July 16, 2018Institutional Investment Management

Trade Issues Take Center Stage

The Fed concluded its scheduled two-day meeting on June 13th and the new Fed Chairman announced a 2nd rate hike that was widely expected.  The U.S. economy slowed slightly in the 1st quarter but is accelerating once again.  Inflation remains very well behaved and job growth is strong. The global economy has stalled slightly, and emerging markets have had a particularly rough time.  Talks of tariffs leading to trade wars led to a spike in volatility as equity markets responded very poorly to the news.  Markets hate uncertainty and Washington is as unpredictable as ever.  Monetary policy has been consistently communicated and we look for two more rate hikes this year in September and December.

Since we expect the Fed to continue to raise short term rates, we also look for a flatter yield curve.  Accelerating GDP coupled with a slight uptick in inflation and you should expect two additional rate hikes this year.  This implies short term interest rates increase 50 basis points.  Longer term rates are NOT expected to rise by that amount.  While we do not expect a recession soon, the press as well as other market experts may telegraph that trouble is lurking just around the corner.

While it’s beginning to look as though four rate hikes is becoming a much higher probability, will this be enough to cause interest rates to rise going into the end of the year?  We think there will be a small amount of pressure at times, but nothing like we saw from October 2017 to February 2018.  Inflation is increasing but at a very modest rate.  Global growth has slowed a bit and that isn’t expected to change.  U.S. growth should moderate from the strong showing in the 2nd quarter (expected but not yet realized).  Trade policies create uncertainty which hampers growth.  Mid-term elections could create uncertainty which may postpone some economic decisions for a short while, or longer, depending on the outcome.

"While it’s beginning to look as though four rate hikes is becoming a much higher probability, will this be enough to cause interest rates to rise going into the end of the year?"

When we look at the opportunities in the fixed income markets our interest remains with longer municipals, non-agency mortgage backed securities (MBS) and low loan balance agency MBS.  Longer term municipals provide the best value in this sector.  Municipal yields as a percentage of the similar maturity Treasury are most compelling in the longest maturities.  This percentage is less attractive for the shorter maturities.  In an environment that argues for buying longer term securities and with longer term municipals having the best value it’s our opinion longer term municipals should be purchased in the coming months.  Specifically, maturities in 11 – 15 years have compelling valuations.  If we look at valuations from the standpoint of yield spreads, we find longer municipals have yield spreads that are 2-3 times the yield spread of a 5-year maturity municipal.

We continue to find excellent value in the private mortgage backed securities or RMBS.  The “R” stands for residential.  A recent offering provides a real example.  SEMT 2015-1 A6 is offered at 98.1875 to yield 3.25%.  The average life, based on historical prepayment speeds, is roughly 2.50 years.  The yield spread is 70 basis points.  Agency guaranteed mortgage backed securities are offered at yield spreads of 25 to 30 basis points for the same average lives.  This security has pristine credit metrics as well.  Loan-to-value ratios average 62%, there is 1 loan delinquent out of 284 and credit support is 20% (up from 15% originally).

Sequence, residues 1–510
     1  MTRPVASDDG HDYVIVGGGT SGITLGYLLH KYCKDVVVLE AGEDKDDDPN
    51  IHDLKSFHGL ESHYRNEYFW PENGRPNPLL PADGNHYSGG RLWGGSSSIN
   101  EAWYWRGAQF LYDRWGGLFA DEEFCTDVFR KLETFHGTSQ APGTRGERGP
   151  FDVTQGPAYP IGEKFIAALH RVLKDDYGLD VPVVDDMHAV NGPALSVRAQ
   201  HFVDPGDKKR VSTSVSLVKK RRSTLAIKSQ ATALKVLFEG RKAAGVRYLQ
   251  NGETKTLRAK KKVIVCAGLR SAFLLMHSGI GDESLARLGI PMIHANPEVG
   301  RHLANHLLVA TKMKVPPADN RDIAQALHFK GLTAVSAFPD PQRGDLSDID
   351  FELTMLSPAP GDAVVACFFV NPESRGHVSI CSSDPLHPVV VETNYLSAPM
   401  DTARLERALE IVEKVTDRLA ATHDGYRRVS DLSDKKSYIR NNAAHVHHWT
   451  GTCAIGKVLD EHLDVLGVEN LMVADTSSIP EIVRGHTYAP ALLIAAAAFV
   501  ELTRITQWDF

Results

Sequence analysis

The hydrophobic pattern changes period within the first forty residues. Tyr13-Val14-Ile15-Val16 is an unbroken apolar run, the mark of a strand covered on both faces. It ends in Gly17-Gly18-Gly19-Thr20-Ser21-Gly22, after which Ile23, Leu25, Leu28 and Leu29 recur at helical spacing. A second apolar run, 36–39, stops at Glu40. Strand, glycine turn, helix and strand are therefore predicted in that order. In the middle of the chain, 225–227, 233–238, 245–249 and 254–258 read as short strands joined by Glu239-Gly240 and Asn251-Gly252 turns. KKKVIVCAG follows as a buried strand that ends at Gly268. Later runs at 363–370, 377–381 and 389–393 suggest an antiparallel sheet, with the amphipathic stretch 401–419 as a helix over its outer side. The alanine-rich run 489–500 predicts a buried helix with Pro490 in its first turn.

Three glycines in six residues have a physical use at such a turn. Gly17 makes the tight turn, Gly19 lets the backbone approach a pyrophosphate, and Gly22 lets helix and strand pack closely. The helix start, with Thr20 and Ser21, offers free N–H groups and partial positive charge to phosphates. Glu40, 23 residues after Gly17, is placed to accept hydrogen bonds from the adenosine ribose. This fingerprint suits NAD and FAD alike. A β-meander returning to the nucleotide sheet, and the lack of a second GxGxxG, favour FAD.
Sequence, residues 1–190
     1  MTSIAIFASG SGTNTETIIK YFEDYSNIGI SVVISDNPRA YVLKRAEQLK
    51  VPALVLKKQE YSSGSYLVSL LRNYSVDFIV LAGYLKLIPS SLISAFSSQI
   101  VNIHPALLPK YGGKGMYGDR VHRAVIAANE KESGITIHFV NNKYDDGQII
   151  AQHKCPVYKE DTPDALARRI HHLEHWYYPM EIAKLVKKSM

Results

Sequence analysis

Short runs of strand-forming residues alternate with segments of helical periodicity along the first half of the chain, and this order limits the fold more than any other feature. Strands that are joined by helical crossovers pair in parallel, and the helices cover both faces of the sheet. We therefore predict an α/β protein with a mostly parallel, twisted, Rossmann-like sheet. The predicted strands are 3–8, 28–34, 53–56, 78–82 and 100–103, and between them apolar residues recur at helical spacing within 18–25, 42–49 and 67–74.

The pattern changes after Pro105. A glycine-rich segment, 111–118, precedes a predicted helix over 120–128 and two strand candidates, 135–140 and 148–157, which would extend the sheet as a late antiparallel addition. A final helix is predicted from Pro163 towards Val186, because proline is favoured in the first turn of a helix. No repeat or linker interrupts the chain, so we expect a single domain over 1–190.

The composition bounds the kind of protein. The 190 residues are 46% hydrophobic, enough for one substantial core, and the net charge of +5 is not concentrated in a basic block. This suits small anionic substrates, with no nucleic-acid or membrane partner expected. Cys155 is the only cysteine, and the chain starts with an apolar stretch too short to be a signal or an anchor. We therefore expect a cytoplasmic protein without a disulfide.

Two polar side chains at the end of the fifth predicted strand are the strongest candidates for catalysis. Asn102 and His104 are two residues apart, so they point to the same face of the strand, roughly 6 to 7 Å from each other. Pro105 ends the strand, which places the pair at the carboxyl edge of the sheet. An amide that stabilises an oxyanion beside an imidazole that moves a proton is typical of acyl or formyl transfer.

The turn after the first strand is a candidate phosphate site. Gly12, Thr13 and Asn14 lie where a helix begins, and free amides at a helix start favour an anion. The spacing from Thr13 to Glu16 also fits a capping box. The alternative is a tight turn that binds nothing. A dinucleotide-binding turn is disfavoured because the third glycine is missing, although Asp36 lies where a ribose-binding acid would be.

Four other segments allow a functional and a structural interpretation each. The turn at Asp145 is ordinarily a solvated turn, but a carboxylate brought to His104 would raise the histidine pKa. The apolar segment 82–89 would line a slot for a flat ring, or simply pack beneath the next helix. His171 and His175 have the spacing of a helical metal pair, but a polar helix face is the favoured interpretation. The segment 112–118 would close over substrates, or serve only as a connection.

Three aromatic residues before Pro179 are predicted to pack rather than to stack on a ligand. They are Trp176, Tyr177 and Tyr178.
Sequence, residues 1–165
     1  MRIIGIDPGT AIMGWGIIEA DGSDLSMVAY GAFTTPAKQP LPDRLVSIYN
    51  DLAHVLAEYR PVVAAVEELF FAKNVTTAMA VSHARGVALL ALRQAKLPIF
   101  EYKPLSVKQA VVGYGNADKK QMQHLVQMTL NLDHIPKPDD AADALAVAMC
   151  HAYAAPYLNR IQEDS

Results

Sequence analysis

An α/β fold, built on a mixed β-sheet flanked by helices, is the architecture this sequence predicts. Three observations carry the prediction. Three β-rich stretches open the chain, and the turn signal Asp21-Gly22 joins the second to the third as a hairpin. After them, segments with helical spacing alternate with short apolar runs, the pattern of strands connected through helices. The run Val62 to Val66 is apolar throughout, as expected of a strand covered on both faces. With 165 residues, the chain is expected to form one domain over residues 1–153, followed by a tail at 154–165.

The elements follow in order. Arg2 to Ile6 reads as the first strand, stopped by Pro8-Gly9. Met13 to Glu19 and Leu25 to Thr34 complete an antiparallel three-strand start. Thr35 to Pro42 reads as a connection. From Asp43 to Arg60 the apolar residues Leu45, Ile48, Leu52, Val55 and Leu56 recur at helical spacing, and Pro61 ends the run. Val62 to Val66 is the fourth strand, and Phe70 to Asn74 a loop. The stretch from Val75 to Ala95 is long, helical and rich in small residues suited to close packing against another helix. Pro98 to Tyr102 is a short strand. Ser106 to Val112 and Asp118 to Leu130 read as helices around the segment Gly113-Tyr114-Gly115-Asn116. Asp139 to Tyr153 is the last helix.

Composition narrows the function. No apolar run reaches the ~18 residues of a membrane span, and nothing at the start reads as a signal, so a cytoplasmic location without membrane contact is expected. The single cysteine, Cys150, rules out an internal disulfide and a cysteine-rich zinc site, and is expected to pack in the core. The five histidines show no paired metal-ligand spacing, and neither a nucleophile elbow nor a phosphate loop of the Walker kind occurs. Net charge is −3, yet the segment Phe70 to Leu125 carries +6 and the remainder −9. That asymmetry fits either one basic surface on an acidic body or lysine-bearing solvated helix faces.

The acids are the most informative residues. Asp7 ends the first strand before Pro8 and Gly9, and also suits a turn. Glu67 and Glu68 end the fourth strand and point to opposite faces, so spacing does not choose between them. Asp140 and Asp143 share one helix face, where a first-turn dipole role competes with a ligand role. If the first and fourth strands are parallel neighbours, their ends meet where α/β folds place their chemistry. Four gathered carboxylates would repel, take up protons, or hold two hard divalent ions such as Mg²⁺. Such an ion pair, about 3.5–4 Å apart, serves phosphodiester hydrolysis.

A new idea we haven’t presented before is “low loan balance” agency MBS.  These are pools that have limits on the size of the largest mortgage in the pool.   Some pools cannot have an individual mortgage greater than $85,000.  Others have limits of $110,000 or $150,000.  The benefit to the investor is that lower balance mortgage pools tend to prepay more slowly than pools with higher balance mortgages.  It’s a matter of economics.  The savings are greater on a mortgage with a high balance than on one with a low balance.  Low balance pools have built-in prepayment protection.  The investor won’t see prepayment speeds spike as rates decline resulting in a much slower decline in the balance and the interest income.  In a falling interest rate environment, the cost to acquire these types of pools increases sharply.  Buy them now when they are attractive.

As we move into the 3rd quarter the economy is accelerating, trade fears are unsettling investors and the yield curve is getting much flatter.  The Fed is expected to raise rates at least one more time this year.  The investing landscape hasn’t changed much from the prior quarter.  Longer maturity municipals and non-agency MBS remain very attractive in our opinion.  Low loan balance agency MBS are a new addition that may be a bit early but better than being too late.  Yield spreads for many common types of fixed income securities remain very low.  We wanted to present a few alternatives for our readers.

Interest Rate Outlook

We believe the yields obtained on intermediate and longer-term bonds in the second quarter might have seen the peak for the year.  Of course, nobody knows where rates are headed but our thinking is that the Fed’s tightening efforts, in the form of both the unwind of the quantitative easing and raising the Fed Funds rate, will take a toll on economic growth.  A strong second quarter GDP release may give investors a second bite at the yields we saw in late May, but the reality and uncertainty caused by tense trade negotiations may make that opportunity fleeting.